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  • L Danish
    I just got back from a three day trip to Catalina Island (22 miles off the coast of Los Angeles), which is interesting to this audience because it is I guess
    Message 1 of 3 , Aug 7, 2000
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      I just got back from a three day trip to Catalina Island (22 miles off the
      coast of Los Angeles), which is interesting to this audience because it is I
      guess you would say "car restricted". The only town of any size on the
      entire island is Avalon, it has a permanent population of about 7000 (but of
      course swells with tourists). I spent all my time in Avalon which is quite
      compact, maybe 1 square mile. The island itself is about 60 square miles
      and is virtually all privately owned by a conservancy and outside of Avalon
      and tiny Two Harbors is undeveloped.

      In order to have a car in town, you must get a car permit. Years ago
      (1970-something?), the town capped the number of cars at some number (800 or
      so, i was told). Residents wishing to get a car since then enter a waiting
      list for one of the 800 current permitees to die or move away or whatever.
      People on the list as of mid-1988 are currently getting their permits, a
      twelve year wait! But since the list has been growing ever-faster, the
      current waiting time is projected to be 35 years(!). There is some sort of
      parallel universe for getting a permit for a commercial car/truck.

      Town has limited parking -- which is, I suppose, the real reason behind the
      restriction. The streets are relatively narrow, but not anything like you
      find in ancient European cities.

      Now for the bad news: since residents can't get cars, they all drive around
      in golf carts (technically called "autoettes") -- and what's worse, they are
      almost all gasoline powered. They range from relatively quiet to very
      noisy, and spew quite a bit of pollution. For reasons that weren't clear,
      there are very few electric carts (possibly because the hilly terrain make
      for very limited range?)
      Making matters worse, they rent these damn things (gas-powered golf carts)
      to tourists, so every day all day long there are as many as a couple of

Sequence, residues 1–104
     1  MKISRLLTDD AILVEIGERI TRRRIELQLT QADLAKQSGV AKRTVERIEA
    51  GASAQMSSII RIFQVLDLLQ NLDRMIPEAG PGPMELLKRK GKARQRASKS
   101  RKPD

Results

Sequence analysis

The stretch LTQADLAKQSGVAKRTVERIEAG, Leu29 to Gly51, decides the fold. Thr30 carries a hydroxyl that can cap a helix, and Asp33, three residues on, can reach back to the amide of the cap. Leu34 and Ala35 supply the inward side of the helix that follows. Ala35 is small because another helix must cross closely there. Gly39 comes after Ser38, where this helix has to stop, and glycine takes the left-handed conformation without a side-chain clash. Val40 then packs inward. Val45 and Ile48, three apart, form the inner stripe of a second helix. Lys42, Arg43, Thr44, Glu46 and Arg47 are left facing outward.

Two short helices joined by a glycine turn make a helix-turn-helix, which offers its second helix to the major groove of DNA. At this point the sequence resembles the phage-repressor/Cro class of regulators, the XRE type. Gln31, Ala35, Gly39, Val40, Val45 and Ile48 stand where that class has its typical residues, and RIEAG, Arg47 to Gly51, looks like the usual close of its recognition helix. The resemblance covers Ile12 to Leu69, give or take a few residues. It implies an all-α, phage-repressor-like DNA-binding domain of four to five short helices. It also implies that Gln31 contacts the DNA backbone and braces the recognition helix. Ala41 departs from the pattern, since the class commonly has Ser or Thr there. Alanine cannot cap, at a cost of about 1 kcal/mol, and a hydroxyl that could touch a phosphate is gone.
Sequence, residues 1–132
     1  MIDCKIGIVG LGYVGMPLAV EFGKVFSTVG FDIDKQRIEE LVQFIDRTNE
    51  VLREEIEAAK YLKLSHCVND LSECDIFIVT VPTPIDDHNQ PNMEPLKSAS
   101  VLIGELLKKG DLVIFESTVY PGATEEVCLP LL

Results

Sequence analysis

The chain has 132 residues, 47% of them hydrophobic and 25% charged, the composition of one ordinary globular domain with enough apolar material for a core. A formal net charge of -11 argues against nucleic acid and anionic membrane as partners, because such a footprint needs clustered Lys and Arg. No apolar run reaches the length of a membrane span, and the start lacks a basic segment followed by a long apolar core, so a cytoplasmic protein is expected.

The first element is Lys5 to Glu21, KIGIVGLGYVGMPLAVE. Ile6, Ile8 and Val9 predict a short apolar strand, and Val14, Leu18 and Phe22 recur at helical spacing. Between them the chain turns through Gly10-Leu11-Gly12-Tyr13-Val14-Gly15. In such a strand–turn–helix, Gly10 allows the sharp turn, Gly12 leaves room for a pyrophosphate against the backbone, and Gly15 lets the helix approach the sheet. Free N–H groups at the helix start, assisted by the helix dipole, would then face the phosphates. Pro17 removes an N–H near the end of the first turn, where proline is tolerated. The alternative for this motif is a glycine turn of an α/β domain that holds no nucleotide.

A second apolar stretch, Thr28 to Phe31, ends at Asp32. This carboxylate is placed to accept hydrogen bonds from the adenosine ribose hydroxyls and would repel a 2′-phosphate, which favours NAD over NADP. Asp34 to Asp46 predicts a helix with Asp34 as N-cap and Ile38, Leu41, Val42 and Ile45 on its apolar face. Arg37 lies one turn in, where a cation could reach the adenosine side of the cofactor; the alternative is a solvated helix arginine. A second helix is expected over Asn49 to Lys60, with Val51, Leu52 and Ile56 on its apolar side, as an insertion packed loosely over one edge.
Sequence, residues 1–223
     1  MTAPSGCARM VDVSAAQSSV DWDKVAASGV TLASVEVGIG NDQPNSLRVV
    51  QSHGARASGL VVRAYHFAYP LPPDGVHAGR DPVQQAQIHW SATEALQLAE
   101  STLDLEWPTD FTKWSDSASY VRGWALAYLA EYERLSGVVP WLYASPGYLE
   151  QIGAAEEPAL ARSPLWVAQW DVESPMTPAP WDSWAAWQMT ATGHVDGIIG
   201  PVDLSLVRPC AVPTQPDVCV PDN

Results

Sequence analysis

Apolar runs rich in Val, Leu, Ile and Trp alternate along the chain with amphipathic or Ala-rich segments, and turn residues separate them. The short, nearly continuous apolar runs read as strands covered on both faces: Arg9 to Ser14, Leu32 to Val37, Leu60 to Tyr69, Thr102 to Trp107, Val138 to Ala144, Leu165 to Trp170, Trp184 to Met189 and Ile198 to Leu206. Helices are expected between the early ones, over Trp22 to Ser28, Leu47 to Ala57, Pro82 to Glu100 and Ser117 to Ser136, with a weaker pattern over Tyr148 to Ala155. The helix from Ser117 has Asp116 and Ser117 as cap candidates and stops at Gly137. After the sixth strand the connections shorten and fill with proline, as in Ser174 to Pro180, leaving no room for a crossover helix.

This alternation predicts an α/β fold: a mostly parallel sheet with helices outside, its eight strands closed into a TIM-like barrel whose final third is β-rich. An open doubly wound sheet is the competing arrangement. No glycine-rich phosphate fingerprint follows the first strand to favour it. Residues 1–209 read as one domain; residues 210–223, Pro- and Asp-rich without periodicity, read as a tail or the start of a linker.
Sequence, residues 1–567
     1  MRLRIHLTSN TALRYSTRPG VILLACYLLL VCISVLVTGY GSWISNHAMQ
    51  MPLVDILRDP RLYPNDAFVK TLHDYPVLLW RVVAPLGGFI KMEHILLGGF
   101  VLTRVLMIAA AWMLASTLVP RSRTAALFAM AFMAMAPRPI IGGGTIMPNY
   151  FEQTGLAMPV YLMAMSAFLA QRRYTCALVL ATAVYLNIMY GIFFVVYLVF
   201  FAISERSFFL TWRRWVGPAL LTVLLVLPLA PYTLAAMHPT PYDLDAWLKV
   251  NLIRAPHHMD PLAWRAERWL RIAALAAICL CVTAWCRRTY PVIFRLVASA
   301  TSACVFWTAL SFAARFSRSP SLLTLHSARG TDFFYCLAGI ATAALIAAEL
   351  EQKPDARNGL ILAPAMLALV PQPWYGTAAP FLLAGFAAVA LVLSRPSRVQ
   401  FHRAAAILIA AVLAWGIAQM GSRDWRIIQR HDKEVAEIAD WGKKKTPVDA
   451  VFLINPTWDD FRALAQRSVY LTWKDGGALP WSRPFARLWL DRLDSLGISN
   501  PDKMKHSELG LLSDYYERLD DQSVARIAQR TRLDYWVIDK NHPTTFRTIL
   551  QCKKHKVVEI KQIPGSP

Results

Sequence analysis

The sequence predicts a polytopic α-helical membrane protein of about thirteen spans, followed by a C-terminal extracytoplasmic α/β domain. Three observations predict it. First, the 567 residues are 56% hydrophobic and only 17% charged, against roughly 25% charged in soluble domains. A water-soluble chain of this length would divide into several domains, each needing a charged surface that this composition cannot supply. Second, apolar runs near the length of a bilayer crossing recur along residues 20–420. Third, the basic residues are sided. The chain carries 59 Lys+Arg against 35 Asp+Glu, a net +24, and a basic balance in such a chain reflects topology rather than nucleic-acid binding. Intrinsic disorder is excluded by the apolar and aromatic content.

hundred more of them running around. At least the rental hours are
      relatively short, 9am - 5pm.

      The obvoius advantage to the carts is that they take up a lot less parking
      room. Their slow speed of something less than 25 mph isn't a problem since
      the town is so dense, and just outside of the core, the roads are twisty.
      The low potential speed makes the town core fairly pedestrian-friendly.


      Does anyone know of anywhere else in the US that cars are restricted by the
      government? I wouldn't have thought it was possible(?) -- but there you
      have it.
    • Bill Volk
      Regarding: Does anyone know of anywhere else in the US that cars are restricted by the government? I wouldn t have thought it was possible(?) -- but there you
      Message 2 of 3 , Aug 7, 2000
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        Regarding:
         
         Does anyone know of anywhere else in the US that cars are restricted by the
        government?  I wouldn't have thought it was possible(?) -- but there you
        have it. 
         
        Yes,
         
            Fire Island, NY ... Mackanaw Island, MI (I'm sure the spelling is wrong) ... I suspect Martha's Vinyard, MA ... 
         
        Bill 
      • L Danish
        yes, but I though they were restricted de facto (as in, no car-ferry, for example) , not by law. but i really don t know....??? I would really like to find out
        Message 3 of 3 , Aug 8, 2000
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          yes, but I though they were restricted de facto (as in, no car-ferry, for
          example) , not by law.
          but i really don't know....???
          I would really like to find out facts, text of law, etc...
          It seems distinctly possible that such a law may be unconstitutional(?) --
          or at least considered so by many (car drivers without car permits
          especially :-)
          After all, <playing devil's advocate here> what right does the city of
          Avalon have to restrict the movement of lawfully registered vehicles in the
          state of California?

          ----- Original Message -----
          From: Bill Volk <bvolk@...>
          > Regarding:
          >
          > Does anyone know of anywhere else in the US that cars are restricted by
          the
          > government? I wouldn't have thought it was possible(?) -- but there you
          > have it.
          >
          > Yes,
          >
          > Fire Island, NY ... Mackanaw Island, MI (I'm sure the spelling is
          wrong)
          > .. I suspect Martha's Vinyard, MA ...
          >
          > Bill
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